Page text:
By Catherine Tsounis
Organized religion is in turmoil with individual problems. The Asian Tsunami Catastrophe, Iraq War and economy have made a negative impression on Americans. On the other hand, a movement to rediscover one’s roots is taking place among the second and third generations. Many want to reclaim the positive values of their immigrant heritage.
Rev. John Lardas of St. Nicholas Greek Orthodox Church in Flushing, New York searched for his roots. He discovered his immigrant heritage in the Greek Orthodox Church. He is a third generation Greek-American from Pittsburgh, Pennsylvania, a steel mill region. In the 1900’s, Greeks and Eastern Europeans immigrated to Pennsylvania, finding work in the steel mills. Father John, as he is known to his parishioners, grew up in a home where English was the dominant language. His father, Kemon, is a second generation Greek American artist who works at the Carnegie Museum. His mother, Kalliope, manages the museum’s gift shop, raising three children. He grew up in an independent middle class American society.
Father John’s life changed as a teenager. He decided to go back to his immigrant roots. “While in High School, I felt a calling to become a priest on Holy Thursday during the Procession of the Holy Cross at St. Nicholas Cathedral.” He became a reader for Metropolitan Maximos. Father John served as a Sunday School teacher, G.O.Y.A. advisor and counselor at Camp Nazareth. He had a major obstacle to overcome in his quest to become a priest: learn Modern Greek.
“I wanted to learn Greek. The only way was to be in a Greek speaking environment,” Father John believes. I decided to spend a whole summer in my grandmother’s village of Vrakades, Ikaria. For two month, I spoke, read and even thought in Greek. English never entered my mind.” Father John had focus, and determination. He became fluent in conversation and knowledge of Modern Greek.
The Flushing priest was educated at the University of Pittsburgh with a Bachelor of Science in Education in 1987. Father John completed his Master of Divinity with honors at Holy Cross School of Theology in 1991. While a student at Holy Cross, Father John participated in the Ride for Life, which was a bike tour across the country to raise money for Cooley’s anemia. He served on the Student Government and was the senior class president and lay-out editor for the yearbook from 1989-90.
Fr. John worked at St. Basil’s Academy from 1991-95. He served as Dean of Students and Chaplain. During his time at St. Basil, he was ordained to the Deaconate by Metropolitan Maximos on September 11, 1993. Father John was ordained into the Priesthood by Bishop Philotheos on October 3, 1993. He also served as the Orthodox Chaplain to the Orthodox Cadets of West Point Academy, and was Co-Director of Camp St. Basil.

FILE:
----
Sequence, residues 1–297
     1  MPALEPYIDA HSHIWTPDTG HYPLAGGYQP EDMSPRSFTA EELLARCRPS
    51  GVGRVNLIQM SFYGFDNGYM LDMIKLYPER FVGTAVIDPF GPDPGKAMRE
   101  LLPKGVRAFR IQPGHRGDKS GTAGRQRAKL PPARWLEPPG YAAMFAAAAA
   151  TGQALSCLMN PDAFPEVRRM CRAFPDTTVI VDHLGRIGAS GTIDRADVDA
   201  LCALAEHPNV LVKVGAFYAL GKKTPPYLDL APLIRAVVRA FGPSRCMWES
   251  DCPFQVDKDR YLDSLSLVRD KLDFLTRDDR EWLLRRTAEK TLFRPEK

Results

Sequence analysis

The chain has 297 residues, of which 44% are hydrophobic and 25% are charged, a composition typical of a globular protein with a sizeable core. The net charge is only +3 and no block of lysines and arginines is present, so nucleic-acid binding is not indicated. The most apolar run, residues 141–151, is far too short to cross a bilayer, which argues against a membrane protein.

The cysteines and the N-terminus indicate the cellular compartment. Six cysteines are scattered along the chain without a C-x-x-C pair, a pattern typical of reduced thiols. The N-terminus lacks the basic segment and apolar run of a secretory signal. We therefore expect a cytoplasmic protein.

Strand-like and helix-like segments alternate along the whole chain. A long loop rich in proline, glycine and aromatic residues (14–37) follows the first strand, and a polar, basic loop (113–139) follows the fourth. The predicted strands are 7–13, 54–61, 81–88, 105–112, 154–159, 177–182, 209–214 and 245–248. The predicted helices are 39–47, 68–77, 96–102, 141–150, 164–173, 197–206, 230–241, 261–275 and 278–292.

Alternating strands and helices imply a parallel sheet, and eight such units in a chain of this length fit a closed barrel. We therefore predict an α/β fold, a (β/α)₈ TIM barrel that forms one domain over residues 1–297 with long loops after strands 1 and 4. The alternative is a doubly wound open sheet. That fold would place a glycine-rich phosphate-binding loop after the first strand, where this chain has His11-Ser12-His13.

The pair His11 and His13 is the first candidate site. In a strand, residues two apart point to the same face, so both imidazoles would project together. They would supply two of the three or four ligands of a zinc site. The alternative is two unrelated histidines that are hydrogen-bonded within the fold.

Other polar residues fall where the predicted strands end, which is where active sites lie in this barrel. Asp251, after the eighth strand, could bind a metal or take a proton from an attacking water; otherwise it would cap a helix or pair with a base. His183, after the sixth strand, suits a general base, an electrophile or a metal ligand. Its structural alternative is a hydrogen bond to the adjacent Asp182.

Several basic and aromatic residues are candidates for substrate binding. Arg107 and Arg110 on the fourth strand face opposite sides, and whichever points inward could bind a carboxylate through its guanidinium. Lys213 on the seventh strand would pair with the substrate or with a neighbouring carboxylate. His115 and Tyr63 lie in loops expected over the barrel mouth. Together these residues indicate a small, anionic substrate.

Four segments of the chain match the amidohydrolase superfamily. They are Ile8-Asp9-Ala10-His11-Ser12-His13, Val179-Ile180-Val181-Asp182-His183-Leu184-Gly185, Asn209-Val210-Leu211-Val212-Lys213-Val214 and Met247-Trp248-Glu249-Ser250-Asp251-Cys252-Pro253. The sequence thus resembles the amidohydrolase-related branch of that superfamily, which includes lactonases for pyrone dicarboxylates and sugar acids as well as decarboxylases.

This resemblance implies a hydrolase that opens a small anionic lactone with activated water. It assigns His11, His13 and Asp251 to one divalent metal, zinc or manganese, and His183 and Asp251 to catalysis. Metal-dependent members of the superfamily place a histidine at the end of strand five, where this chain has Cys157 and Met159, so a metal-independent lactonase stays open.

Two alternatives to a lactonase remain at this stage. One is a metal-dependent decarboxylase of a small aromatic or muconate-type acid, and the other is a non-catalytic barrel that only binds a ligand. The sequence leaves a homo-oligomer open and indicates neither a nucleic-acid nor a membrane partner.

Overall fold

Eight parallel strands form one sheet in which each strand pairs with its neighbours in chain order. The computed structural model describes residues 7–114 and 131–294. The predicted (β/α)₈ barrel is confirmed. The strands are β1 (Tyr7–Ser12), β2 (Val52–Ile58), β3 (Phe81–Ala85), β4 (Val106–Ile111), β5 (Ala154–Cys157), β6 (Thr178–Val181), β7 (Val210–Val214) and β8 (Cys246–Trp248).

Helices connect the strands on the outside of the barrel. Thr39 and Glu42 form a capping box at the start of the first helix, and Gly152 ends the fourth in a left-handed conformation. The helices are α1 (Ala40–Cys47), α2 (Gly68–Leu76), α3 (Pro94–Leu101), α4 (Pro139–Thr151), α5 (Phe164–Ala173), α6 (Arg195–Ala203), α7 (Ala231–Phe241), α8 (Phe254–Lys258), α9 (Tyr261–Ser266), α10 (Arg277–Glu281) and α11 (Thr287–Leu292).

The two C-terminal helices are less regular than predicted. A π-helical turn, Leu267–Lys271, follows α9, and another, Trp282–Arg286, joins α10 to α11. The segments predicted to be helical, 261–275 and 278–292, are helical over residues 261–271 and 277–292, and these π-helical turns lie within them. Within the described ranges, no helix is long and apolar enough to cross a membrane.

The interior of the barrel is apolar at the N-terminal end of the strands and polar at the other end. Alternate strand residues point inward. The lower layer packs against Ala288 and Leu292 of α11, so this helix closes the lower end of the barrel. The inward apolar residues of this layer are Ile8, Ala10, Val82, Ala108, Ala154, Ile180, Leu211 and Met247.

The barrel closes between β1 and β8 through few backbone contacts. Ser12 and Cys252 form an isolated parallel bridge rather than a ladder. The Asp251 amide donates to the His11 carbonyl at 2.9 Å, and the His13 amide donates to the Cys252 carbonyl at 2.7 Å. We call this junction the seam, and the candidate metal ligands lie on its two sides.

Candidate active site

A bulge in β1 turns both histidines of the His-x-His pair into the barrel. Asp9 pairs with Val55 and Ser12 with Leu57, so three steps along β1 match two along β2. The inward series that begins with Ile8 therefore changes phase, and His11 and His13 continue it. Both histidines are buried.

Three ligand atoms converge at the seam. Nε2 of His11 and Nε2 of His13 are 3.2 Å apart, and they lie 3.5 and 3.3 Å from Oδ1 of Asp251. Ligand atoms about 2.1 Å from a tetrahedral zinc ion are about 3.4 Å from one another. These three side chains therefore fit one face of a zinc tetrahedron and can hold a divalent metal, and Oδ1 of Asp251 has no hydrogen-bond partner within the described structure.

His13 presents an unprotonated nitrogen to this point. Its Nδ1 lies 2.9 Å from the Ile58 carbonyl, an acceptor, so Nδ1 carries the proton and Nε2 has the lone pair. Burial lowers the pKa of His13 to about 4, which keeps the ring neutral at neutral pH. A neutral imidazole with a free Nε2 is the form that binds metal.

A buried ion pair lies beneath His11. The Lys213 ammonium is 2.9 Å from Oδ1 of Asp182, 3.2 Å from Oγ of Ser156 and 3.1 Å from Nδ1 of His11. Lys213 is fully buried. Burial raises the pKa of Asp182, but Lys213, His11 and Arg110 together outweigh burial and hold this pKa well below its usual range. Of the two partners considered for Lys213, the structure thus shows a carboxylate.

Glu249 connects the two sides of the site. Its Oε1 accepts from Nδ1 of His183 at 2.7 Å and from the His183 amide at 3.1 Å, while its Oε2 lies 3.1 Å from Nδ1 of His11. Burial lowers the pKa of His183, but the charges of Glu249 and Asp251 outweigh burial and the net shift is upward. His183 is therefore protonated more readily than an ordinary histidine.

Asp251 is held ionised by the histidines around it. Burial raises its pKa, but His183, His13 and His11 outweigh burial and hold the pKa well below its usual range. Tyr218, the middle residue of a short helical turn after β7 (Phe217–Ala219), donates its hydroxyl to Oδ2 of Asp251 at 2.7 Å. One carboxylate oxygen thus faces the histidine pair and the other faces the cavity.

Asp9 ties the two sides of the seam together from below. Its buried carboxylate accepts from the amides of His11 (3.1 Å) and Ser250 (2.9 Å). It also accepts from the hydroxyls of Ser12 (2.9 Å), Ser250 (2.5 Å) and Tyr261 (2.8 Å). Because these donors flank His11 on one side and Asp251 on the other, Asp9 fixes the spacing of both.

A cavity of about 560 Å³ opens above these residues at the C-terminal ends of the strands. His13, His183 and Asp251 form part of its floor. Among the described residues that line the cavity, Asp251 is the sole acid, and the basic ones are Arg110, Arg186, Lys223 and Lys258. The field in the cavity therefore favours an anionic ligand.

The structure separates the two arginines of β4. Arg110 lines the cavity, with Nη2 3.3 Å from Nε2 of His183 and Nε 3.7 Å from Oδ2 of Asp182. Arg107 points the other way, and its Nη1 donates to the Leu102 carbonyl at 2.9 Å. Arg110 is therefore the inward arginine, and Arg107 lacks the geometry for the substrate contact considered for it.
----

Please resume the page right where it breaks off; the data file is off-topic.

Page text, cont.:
From 1995 through 1998, Fr. John served as an assistant at the parish of St. Nicholas in Flushing, New York under the pastorship of the Very Rev. George Passias and the Very Rev. Paul Palesty. His direct responsibilities were the G.O.Y.A, Joy and YAL, teaching the 1st, 3rd through 5th grade classes at the William Spyropoulos Day School, Bible Study, Hospital Ministry, along with a very busy liturgical and sacramental life.
In the year 1998, Father John was transferred to the St. Nicholas Parish in Troy, Missouri as the pastor. After two years, he returned to the St. Nicholas Parish in Flushing, NY. Since returning to St. Nicholas, he has been active in helping to establish The Joy soccer program for the Church, the children’s involvement in the Archdiocese Olympics for Joy and Goya.
In 2004, Fr. John was appointed by Archbishop Demetrios to be the spiritual father of the National Young Adult Conference. He is married to Eleni Paxos of St. Nicholas, Flushing, New York and they currently have three children, Vasilios who is 8, Maria who is 6 and Kemon who is 2.
Reverent Father John Lardas celebrated his tenth anniversary of ordination to the priesthood in the fall of 2004. The Philoptohos society of St. Nicholas Church honored Father John for his unique ten year ministry at their annual fundraising dinner on October 14th, 2004 at the Chateau Briand, in Carle Place, New York. “Having the church celebrate my 10th Anniversary, gave me the opportunity to reflect on my calling to the priesthood,” he said. “St. Nicholas has truly been a Church that has given me the practical opportunity for an ongoing education, liturgically, theologically and linguistically I enjoy my weekly Bible Study Program with our youth. Power Point presentations help make modern the eternal and ancient word of G_D.” Father John is extremely computer literate, creating original power point presentations with colorful graphics. His use of a proxima projector makes his lessons more meaningful to large audiences. His library of power point presentations can be utilized as a teaching resource for orthodoxy throughout the nation.
The Assistant Pastor credits his success to his talented wife, Presbytera Eleni. “My Presbytera Eleni stands by me,” he explained. “We met at St. Basil Academy. She was a volunteer helping the children.” She is a graduate at St. John’s University in Computer Science. She has a Master’s degree of Education in Early Childhood.
Rev. John Lardas is a smiling, direct, sincere person who went back to his roots. He learned Modern Greek and became a Greek Orthodox priest that embodies the best of Christianity and Hellenism. Rediscovering his heritage made him into a positive person. American college students are rediscovering their ethnic and religious heritage, becoming strong, positive personalities.